O Lord, Be Thou My Shepherd

This is a hymn text written especially for the 12-Step Program, although it also applies to anyone who has ever sinned.


In 2013 a family in our ward was seriously struggling due to the husband’s addictions (among other character lapses).  I thought and prayed a great deal about this family, as the wife was (is) a close friend, and I cared deeply about them, hoping they could pull things together before it was too late, especially for the sake of their three children.  I also thought a lot about addictions in general, and how the adversary chains us down, before we are even aware.


As I began writing this hymn text, I imagined each of us as a lamb chained down with no way to rescue ourselves.  Each of us, no matter what we have done or not done, is 100% dependent on the Lord’s saving power, through His atoning sacrifice.

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My Way or Thy Way?


Paul Anka penned the words to “My Way,” which became Frank Sinatra’s signature song, as well as one of the most covered songs in history. (“Yesterday” by the Beatles is a contender.) Each time I hear it, I catch my breath a little, because of its unabashed arrogance. It became a top favorite for British funerals, but death might be an ill-advised time for people (British or otherwise) to celebrate a godless attitude. (Just in case, right?)

The song reminds me of the poem “Invictus,” by William Ernest Henley.

Out of the night that covers me,
Black as the pit from pole to pole,
I thank whatever gods may be
For my unconquerable soul.

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His Hand Is Stretched Out Still

In our family scripture study, we’ve been reading Isaiah, and a phrase keeps repeating:

His hand is stretched out still.


In the context of Isaiah’s words, this is generally speaking of God punishing the wicked.


But I see the phrase as having multiple meanings. Here is a beautiful scripture passage about Christ reaching out to each of us sinners.


Jacob 6:4    And how merciful is our God unto us, for he remembereth the house of Israel, both roots and branches; and he stretches forth his hands unto them all the day long; and they are a stiffnecked and a gainsaying people; but as many as will not harden their hearts shall be saved in the kingdom of God.
All the day long! Continue reading

Welcome to Hosanna Hymns!

Why did we name our site HosannaHymns?    

Because Hosanna is a splendiferous word!  

In our LDS scriptures, the Study Helps explain the following:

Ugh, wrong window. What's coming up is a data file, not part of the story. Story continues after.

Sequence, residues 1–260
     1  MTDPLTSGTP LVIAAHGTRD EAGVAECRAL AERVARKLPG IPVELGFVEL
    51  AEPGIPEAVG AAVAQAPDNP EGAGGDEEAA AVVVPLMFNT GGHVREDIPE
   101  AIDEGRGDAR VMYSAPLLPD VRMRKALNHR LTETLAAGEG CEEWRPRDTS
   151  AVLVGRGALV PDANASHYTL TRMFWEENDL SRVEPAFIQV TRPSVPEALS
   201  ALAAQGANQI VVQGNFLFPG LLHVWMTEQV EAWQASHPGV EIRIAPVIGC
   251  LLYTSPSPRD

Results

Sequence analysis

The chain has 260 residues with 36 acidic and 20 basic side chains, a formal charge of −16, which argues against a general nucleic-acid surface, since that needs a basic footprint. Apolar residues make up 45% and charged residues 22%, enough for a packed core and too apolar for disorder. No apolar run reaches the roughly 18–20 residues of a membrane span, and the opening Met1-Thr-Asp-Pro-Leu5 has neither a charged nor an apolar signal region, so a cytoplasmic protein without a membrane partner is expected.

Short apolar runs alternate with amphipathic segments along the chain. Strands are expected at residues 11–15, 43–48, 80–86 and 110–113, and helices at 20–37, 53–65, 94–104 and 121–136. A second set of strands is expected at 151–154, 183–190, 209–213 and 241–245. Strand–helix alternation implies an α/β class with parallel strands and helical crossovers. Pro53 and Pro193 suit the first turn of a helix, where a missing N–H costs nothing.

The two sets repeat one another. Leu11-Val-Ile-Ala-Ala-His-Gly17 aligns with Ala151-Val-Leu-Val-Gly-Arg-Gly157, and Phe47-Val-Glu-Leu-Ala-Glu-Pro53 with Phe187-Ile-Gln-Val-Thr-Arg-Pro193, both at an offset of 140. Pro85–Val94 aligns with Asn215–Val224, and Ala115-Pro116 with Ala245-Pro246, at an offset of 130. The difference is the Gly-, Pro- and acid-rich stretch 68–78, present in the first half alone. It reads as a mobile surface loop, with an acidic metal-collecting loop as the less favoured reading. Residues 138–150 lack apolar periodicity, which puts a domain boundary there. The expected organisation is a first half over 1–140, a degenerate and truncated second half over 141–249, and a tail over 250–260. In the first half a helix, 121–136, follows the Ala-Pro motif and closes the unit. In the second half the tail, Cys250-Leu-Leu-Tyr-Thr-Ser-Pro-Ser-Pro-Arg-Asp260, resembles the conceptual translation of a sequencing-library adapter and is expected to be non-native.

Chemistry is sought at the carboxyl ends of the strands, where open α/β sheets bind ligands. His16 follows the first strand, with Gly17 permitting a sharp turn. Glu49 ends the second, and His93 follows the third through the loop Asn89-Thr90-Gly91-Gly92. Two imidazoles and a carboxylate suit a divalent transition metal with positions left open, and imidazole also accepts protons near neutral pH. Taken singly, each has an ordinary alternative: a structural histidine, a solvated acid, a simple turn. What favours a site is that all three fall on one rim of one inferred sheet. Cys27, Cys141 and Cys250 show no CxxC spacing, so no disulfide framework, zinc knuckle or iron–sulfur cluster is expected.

Hosanna is a word from Hebrew that means “please save us” and is used in praise and supplication.
At the Feast of Tabernacles, which celebrated the Lord’s deliverance of Israel into the promised land, people chanted the words of Psalm 118 and waved palm branches. At the Lord’s triumphal entry into Jerusalem, the multitudes cried “Hosanna” and spread palm branches for Jesus to ride upon, thus demonstrating their understanding that Jesus was the same Lord who had delivered Israel anciently (Ps. 118:25–26; Matt. 21:9, 15; Mark 11:9–10; John 12:13). These people recognized Christ as the long-awaited Messiah. The word Hosanna has become a celebration of the Messiah in all ages (1 Ne. 11:6; 3 Ne. 11:14–17).

The hosanna shout was included in the dedication of the Kirtland Temple (D&C 109:79) and is now a part of the dedication of modern temples.”

We also note that the word Hosanna in scripture is followed by variations on these words:

Blessed be the name of the Lord God!
Blessed be the name of the most high God.
Blessed be the name of the Lord God Almighty, the Most High God.
Blessed is he that cometh in the name of the Lord.
Blessed is the King of Israel that cometh in the name of the Lord.

Is the prayer of your heart, “Jesus, please save us! Blessed be Thy name!”?  Are you the kind of person that would have honored Jesus by waving palm branches and singing hosannas at His triumphal entry into Jerusalem?

Then you are a kindred spirit at HosannaHymns.

Consider this passage, from the Dedicatory Prayer of the Kirtland Temple:
. . . And help us by the power of thy Spirit, that we may mingle our voices with those bright, shining seraphs around thy throne, with acclamations of praise, singing Hosanna to God and the Lamb!    —D & C 109:79

Here we learn that the angels sing hosannas.


Let’s join them in praise and supplication, both now and in the hereafter in the Heavenly Choir.